6TH MAY 1915: 300 – 400 SHELLS & ‘A FINE BREAKFAST!’

South Staffordshire BadgeeSOUTH STAFFORDS WAR DIARY

WULVERGHEM TRENCHES

4th May,1915 Tue:  Paraded for trenches 9 pm, in relief of 6th South’s.

5th May, Wed:  Wulverghem Trenches. Trench 8 (Pte Bertie Hibbett’s) shelled with shrapnel & HE from 3 pm. Capt Milner wounded when sniping.  Capt A. W. Smith reported sick. No 47 Pte J. Angell wounded.

6th May Thur: Enemy Artillery commenced shelling Trench 8  (Bertie’s) about 7.30 am till about 3.00 pm between 300 and 400 shells were fired.  French rifles and equipment much damaged. I man killed, 7 men wounded.  After nightfall rifle and Machine Gun fire directed on gaps in parapet but partially silenced by shrapnel fire from Heavy Battery (115th Battery R.G.A.

CASUALTIES: KILLED: 8444 Pte W. Lowndes (wounded since died).  WOUNDED: 9136 Pte T. Garbett;  8125 Pte J. Evans;  8826 Pte F.J. Bailley (1);  8783 Pte H. Ellens;  8316 Pte H. Flynn; 9707 Pte A. Chapman; 9495 Sgt J.W. Pitt;  8779 Pte S. Pitt.

Sgt J.W. Pitt showed coolness, resource, and courage during the shelling of Trench 8. 

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BERTIE HIBBETT: 19 in 1914.
BERTIE HIBBETT:
19 in 1914Pte

 ‘Pte BERTIE HIBBETT: L ETTER to  MOTHER & FATHER, Arthur & Marie Neal Hibbett, 95, Foden Rd. Walsall.

ARTHUR HIBBETT:   56 in 1914.

Mother at Tea.

Thursday May 6th / 15    King’s Accession 1910

My Dear Mother & Father,

Sid and I received your welcome parcel on Tuesday last, the day on which we left camp for the trenches for the 5th time. But we managed to divide the contents nicely. We knew the tea-cakes were home-made, although you did not mention the fact in the enclosed letter.  At any rate we had one between us for Thurs. tea & the other on Wednesday, when we had tea in the bay of the trench.  Tell Ida, or whoever made them, that they were lovely and light.  The fruit was very acceptable & the bananas again arrived wholesome.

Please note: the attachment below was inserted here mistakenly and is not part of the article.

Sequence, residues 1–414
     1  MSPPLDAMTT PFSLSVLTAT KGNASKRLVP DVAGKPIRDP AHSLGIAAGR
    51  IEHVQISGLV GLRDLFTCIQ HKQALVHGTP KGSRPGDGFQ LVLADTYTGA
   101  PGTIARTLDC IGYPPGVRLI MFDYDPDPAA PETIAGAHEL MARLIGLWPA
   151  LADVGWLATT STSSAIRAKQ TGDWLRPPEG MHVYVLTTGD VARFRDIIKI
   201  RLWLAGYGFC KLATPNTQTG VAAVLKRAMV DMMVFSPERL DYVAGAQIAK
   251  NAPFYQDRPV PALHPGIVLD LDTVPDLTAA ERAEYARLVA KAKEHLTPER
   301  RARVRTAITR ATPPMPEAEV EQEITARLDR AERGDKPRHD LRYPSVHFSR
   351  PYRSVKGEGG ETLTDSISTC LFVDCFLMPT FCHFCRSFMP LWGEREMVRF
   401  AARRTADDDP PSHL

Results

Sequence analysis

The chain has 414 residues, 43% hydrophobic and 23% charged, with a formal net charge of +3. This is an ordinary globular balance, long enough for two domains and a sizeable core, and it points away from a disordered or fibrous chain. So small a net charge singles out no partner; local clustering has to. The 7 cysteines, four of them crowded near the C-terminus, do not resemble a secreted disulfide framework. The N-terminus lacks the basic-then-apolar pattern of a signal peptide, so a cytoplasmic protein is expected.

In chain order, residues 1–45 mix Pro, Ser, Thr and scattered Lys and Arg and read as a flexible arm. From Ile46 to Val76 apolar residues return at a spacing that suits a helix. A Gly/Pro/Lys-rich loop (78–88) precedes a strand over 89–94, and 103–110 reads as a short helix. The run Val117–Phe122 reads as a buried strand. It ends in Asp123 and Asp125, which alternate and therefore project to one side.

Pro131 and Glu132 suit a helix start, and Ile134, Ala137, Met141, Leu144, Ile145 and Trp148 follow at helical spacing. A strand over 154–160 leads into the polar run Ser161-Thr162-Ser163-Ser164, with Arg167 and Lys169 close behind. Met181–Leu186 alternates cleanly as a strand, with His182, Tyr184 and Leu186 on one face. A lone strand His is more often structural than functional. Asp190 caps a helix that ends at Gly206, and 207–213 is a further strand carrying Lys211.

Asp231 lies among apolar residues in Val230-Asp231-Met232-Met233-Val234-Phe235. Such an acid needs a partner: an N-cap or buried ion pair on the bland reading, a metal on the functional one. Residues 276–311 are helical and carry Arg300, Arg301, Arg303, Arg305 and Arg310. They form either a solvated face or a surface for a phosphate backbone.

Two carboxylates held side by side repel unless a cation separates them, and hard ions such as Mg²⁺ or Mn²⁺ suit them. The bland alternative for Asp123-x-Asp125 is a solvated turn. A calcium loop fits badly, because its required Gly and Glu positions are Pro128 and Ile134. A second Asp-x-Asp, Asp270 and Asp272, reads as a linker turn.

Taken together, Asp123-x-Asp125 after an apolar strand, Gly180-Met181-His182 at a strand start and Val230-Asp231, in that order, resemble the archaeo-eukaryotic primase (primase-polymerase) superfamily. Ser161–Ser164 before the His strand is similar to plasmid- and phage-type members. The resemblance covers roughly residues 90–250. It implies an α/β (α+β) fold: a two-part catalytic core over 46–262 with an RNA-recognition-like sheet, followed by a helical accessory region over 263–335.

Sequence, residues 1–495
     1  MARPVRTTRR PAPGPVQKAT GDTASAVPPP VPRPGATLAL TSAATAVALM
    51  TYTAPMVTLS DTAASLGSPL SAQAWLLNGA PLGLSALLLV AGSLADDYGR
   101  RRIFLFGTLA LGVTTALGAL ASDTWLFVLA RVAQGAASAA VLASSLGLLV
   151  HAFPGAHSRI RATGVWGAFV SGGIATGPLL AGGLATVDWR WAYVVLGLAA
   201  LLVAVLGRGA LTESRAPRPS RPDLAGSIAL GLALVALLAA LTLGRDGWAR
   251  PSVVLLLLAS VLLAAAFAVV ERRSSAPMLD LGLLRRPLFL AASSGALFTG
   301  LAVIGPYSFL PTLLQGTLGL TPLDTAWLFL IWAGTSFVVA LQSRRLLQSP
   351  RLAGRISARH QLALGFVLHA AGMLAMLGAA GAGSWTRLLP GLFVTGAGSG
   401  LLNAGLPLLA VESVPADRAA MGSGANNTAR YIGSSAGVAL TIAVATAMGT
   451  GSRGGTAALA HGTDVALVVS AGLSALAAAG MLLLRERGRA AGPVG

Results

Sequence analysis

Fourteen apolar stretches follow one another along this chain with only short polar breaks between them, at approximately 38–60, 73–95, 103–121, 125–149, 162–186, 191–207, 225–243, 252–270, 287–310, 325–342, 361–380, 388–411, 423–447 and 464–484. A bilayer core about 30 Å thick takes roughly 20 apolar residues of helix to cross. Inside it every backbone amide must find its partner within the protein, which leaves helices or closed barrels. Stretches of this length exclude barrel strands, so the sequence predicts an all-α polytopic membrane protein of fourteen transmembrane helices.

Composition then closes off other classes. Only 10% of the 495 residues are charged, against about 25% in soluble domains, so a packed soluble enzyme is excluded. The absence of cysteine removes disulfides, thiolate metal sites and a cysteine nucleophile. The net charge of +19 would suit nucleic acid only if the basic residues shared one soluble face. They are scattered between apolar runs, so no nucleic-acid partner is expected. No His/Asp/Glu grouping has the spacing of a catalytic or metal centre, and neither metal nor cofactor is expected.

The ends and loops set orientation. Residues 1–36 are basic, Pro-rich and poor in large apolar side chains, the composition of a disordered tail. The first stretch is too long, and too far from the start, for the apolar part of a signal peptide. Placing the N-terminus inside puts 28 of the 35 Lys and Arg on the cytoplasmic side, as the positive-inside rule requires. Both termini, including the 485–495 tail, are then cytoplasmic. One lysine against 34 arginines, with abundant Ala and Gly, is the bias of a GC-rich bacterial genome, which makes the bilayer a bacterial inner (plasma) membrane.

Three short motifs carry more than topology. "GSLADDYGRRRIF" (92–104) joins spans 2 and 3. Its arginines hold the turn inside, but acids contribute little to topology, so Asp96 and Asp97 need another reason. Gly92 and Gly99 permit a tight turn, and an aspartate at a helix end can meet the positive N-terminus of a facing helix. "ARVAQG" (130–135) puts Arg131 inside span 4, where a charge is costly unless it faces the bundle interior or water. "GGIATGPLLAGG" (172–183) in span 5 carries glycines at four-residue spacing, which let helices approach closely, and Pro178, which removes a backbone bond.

This time we are having it rather exiting, but I shall have to leave out a detailed account until I  get home.  I made a fine breakfast again, as we generally do in the trenches, but today was especial for I had a mess tin of lovely hot cafe au lait.  The chocolates were the finishing touch.  Sid wouldn’t think it one without a bit of chocolate.

At last we have got Harold’s parcel of useful presents including Carbolic soap & just the bar of chocolate I was going to ask you to send next time – Cadbury’ Bournville plain 1d.  

It will be four more days then & Harold will have made the 3rd one to be ‘far’ from home, yet I suppose he will no doubt pay a ‘home leave’ now & then.  Vernon told me specially to thank you for ‘the parcel’ as he put it &  I could not make him understand or rather I could not understand with regard to Mr Evans (2) asking Dad how Vernon himself  was getting on, but now I recollect that he was one of those ‘on sickwith diarrhoea, a petty complaint with the majority of us.

It was a very funny coincidence, for Sid & I were having one of our chats together about home & other homely affairs, seated straggle (sic) leg on a form in the trench one night &  I suggested writing to you to send Vernon some ‘crumbs of comfort as he loves a smoke, but Sid was not of my opinion & now you’ve sent the chocolate I think you have sufficed.

I had better close now.  What a pity we have to keep home letters short.  I could write on and on, but must acknowledge Harold’s parcel.  He addressed his last letter to Sid & the parcel to me for a change.

Did Basil have a pleasant Birthday?  Sid & I pictured you all at tea. 

Best love,   Bertie.

ELIZABETH HIBBETT WEBB
ELIZABETH HIBBETT WEBB